After all of the hard rock of the day it was time to slow thing down and bring a little bit of class and style with talented and elegant, Jo Harman. She brought her full band and some soul to the proceedings of the weekend. It was an excellent set, filled soul and R&B ballads with some blues rock for good measure. Jo was well composed and her vocals were beautiful. Songs like "(This is My) Amnesty", which will never fail to bring me to tears, and "When We Were Young" were met with applause and cheers from the audience. Her backing band kept things tight and each member managed to have their moment to shine. The set did have it's looser moments, especially when the more bluesy tunes started coming out. The slick bass lines and smooth guitar were a great pairing with the keyboard adding a lot of atmosphere to every song. Of course Jo was ever the show-woman and held herself in a dignified way, yet at the same time she had her moments of just jamming out with the band. Sadly, I she did feel like she was the wrong fit for this particular festival. I mean this was a weekend for country and southern rock and Jo doesn't really fit that particular style of music and I think she might have been lost of a large part of the crowd. I had conversations with many people who said the same thing, "She was good, she just didn't fit with the theme of the weekend". Yet, she made the best of it and still delivered an excellent set.

So, day one was closing out but we still had one more band to finish off the day, the southern rock stars that are Dan Baird and Homemade Sin. Dan is the pioneer of cow-punk and alt-country music and I knew he was going to bring the house down. I mean I've been listening to Dan Baird records since I was a kid and I was smiling from ear to ear for the entire set. I wasn't the only one either, I have never seen a band smile as much on stage. Clearly they were having a the time of their lives and nothing was going to stop them enjoying themselves. Dan Baird is such a good front man, the man was just rocking out the whole time and made short work of their hour and a half set time. In all honesty, I think they would have played all night, if not for the midnight curfew. The riffs were tight and the solo's were plentiful, guitar man Warner E. Hodges wouldn't keep still for one second and brought the fire on every solo he performed. The crowd were really into it as well, coming to life and giving back every bit of energy that was given to them from the band. Genuinely, you can't fake or rehearse enthusiasm like that it's just something that's just ingrained into them. There's energy and passion in every note and it's clear that their music is still exciting to them.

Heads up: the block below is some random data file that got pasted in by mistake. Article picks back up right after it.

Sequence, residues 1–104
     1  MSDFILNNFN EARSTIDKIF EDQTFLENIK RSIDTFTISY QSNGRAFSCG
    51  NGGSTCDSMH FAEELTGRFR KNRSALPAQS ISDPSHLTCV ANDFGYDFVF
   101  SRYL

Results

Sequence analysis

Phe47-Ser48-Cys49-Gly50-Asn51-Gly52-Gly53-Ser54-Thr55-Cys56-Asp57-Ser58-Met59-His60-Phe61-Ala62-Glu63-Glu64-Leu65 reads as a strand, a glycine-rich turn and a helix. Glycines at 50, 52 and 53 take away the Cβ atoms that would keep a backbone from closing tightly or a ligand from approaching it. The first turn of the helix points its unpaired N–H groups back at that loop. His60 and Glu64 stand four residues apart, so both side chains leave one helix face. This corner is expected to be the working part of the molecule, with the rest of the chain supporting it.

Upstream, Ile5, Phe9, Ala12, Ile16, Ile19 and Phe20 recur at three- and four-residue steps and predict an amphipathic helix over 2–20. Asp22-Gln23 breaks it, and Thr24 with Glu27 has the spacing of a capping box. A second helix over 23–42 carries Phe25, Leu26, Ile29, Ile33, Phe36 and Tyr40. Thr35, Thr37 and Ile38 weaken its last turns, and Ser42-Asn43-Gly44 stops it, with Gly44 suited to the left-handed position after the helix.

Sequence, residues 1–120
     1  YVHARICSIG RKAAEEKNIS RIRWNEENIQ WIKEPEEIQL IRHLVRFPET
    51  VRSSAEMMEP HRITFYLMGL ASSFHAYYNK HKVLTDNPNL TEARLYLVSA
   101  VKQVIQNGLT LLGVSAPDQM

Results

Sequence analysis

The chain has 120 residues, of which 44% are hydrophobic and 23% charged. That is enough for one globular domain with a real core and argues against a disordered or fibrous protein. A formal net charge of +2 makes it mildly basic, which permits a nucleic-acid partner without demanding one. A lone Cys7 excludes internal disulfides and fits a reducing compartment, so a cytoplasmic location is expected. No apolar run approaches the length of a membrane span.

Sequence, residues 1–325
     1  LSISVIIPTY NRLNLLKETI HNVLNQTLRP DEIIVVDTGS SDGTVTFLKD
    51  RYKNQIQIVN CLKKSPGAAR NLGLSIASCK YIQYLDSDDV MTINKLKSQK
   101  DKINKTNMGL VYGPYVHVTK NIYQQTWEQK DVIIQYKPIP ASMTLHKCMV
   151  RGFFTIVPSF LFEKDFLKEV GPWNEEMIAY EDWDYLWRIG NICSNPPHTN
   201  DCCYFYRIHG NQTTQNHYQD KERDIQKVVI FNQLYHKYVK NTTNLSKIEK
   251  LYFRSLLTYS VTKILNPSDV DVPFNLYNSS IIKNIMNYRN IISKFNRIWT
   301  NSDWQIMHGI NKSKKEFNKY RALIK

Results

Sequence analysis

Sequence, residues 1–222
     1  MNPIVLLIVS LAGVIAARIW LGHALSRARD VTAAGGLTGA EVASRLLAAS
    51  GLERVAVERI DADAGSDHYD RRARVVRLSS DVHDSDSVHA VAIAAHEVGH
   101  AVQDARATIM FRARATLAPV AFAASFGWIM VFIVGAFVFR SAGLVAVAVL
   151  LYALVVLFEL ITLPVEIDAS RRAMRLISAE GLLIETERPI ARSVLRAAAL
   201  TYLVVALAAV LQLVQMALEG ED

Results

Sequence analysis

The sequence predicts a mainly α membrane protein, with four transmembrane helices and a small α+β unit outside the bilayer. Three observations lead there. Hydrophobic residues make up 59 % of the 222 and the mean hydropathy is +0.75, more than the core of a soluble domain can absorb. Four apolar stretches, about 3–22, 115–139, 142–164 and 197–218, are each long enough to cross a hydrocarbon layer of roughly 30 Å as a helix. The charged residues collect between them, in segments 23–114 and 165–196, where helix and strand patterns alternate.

Day one of Hard Rock Hell C.R.O.W.S. was an absolutely phenomenal day. Filled with engaging and interesting bands. There were some that I was already familiar with but I walked away from day one having discovered some awesome new music to check out. The venue was excellent both up and downstairs, with the live mixes sound great. Everyone I spoke to was lovely as well it, there was such an open and welcoming atmosphere with everyone there to have fun and check out some amazing music.

Full Gallery of Photos now up on Facebook


Popular posts from this blog

Interview with Marcela Bovio

Album Review: Sister Shotgun - Fragments

Interview with Jasmine Cain